5. Potent antioxidant. Turmeric is one of the most powerful antioxidants. Antioxidants scan the body for free radicals which damage cell membranes as well as DNA. Antioxidants are vital for optimal function. "Antioxidants scavenge molecules in the body known as free radicals, which damage cell membranes, tamper with DNA, and even cause cell death. Antioxidants can fight free radicals and may reduce or even help prevent some of the damage they cause."
  6.  Helps with gut health: If you've read any of my wellness posts before, you know that I'm all about making sure the gut is happy and things are functioning smoothly. Turmeric is extremely beneficial when it comes to gut health. One of the humps researchers have had to overcome is that curcumin is poorly absorbed by the GI tract. However, scientists have discovered that using phospholipids in conjunction with curcumin has significantly improved absorption
  7. Aids with weight loss. The results from this randomized, controlled study shows that patients who were on a 30 day diet and lifestyle intervention showed little results in terms or weightless. But after an additional 30 days of the same diet, with the addition of phosphatidylserine and curcumin, there were remarkable changes in terms of weightless compared to subjects who took straight phosphatidylserine.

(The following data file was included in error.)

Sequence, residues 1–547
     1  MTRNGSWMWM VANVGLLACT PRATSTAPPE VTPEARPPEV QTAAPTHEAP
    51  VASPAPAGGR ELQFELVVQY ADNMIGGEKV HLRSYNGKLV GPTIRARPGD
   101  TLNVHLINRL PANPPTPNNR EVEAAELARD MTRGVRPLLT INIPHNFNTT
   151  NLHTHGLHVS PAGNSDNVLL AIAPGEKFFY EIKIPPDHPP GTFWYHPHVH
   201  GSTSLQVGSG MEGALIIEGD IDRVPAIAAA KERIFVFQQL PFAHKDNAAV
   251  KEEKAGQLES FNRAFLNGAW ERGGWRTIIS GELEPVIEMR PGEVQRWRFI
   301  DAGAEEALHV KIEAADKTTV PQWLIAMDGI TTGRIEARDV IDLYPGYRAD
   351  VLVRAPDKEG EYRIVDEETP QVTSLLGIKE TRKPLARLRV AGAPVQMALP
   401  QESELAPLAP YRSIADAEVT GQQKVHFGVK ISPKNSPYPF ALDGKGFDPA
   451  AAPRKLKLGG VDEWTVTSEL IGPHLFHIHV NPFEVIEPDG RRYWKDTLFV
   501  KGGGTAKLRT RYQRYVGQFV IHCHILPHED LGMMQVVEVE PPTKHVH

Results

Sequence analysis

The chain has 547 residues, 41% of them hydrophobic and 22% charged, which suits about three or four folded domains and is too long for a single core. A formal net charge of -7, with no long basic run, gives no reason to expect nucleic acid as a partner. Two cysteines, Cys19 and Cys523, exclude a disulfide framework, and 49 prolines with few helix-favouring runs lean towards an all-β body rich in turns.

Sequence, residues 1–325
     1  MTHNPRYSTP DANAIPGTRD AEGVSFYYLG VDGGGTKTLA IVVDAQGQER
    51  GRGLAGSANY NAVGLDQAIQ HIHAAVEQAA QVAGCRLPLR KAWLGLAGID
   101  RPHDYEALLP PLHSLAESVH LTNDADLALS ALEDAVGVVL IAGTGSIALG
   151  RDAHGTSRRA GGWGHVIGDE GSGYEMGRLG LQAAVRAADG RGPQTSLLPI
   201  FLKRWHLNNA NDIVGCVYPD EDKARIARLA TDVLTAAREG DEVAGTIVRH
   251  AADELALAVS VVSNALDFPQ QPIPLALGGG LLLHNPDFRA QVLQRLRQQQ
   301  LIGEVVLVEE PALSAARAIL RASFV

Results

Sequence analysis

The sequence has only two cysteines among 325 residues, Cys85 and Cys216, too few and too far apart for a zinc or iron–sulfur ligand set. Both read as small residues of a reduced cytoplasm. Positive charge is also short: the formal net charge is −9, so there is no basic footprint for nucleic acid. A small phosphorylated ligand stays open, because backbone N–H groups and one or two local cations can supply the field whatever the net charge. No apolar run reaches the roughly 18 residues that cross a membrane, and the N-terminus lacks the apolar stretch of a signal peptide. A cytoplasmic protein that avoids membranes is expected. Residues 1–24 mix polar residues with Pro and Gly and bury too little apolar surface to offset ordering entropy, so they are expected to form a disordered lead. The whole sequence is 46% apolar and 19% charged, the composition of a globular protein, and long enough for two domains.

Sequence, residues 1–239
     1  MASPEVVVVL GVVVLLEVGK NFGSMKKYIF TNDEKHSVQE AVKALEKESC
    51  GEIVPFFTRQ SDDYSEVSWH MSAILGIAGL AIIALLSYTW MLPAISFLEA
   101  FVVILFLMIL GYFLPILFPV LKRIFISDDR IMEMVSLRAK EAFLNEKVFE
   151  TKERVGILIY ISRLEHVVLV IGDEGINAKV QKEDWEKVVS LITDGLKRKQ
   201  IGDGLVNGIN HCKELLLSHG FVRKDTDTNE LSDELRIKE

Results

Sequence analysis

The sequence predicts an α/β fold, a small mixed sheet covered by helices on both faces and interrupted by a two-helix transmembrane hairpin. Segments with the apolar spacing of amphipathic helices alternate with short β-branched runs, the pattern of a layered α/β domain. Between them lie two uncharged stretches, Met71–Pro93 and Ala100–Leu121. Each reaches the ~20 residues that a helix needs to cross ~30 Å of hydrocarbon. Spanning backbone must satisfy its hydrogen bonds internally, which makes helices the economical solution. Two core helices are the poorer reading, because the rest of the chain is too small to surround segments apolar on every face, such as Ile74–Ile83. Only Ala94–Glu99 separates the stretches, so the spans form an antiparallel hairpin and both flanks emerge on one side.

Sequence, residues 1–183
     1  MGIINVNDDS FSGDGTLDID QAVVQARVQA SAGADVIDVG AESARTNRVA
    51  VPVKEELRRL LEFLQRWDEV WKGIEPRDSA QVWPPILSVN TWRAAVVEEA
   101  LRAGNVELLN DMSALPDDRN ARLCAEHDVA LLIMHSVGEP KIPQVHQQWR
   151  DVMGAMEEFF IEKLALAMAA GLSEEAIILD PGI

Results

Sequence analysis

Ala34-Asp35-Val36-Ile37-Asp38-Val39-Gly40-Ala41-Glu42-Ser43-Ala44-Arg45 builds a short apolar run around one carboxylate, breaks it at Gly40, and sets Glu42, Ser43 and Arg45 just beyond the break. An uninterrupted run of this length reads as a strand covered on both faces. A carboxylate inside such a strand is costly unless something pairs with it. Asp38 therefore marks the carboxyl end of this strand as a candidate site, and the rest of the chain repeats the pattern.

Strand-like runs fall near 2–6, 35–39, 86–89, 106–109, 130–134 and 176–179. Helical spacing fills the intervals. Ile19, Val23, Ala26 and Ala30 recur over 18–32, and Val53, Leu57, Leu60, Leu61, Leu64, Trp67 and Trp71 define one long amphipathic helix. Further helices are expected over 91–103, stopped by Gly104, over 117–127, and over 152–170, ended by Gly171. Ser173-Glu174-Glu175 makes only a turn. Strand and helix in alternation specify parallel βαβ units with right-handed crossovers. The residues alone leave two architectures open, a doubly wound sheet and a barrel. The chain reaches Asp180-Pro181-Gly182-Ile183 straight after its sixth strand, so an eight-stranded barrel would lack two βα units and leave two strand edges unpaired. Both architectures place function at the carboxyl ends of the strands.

how you can use turmeric

There are several ways you can get all the benefits of turmeric. Here are several things you can do:

  1. Turmeric shots - This is one of my favorite ways to get all the goodness of turmeric without having to eat an entire pot of curry. My recipe is simple. You'll need: 
    - 1/2 tsp ginger
    - 1 tsp tumeric
    - 1 tsp lemon juice
    - 1/2 tsp honey
    - 1/4 tsp pepper
    Combine everything in a small bowl and drink it down. *Word of caution. If you're pregnant or nursing, you may want to consult your doctor prior to consuming higher amounts of turmeric than you would in food. It can cause uterine contractions and would be particularly troublesome for women who are less than 37 weeks along*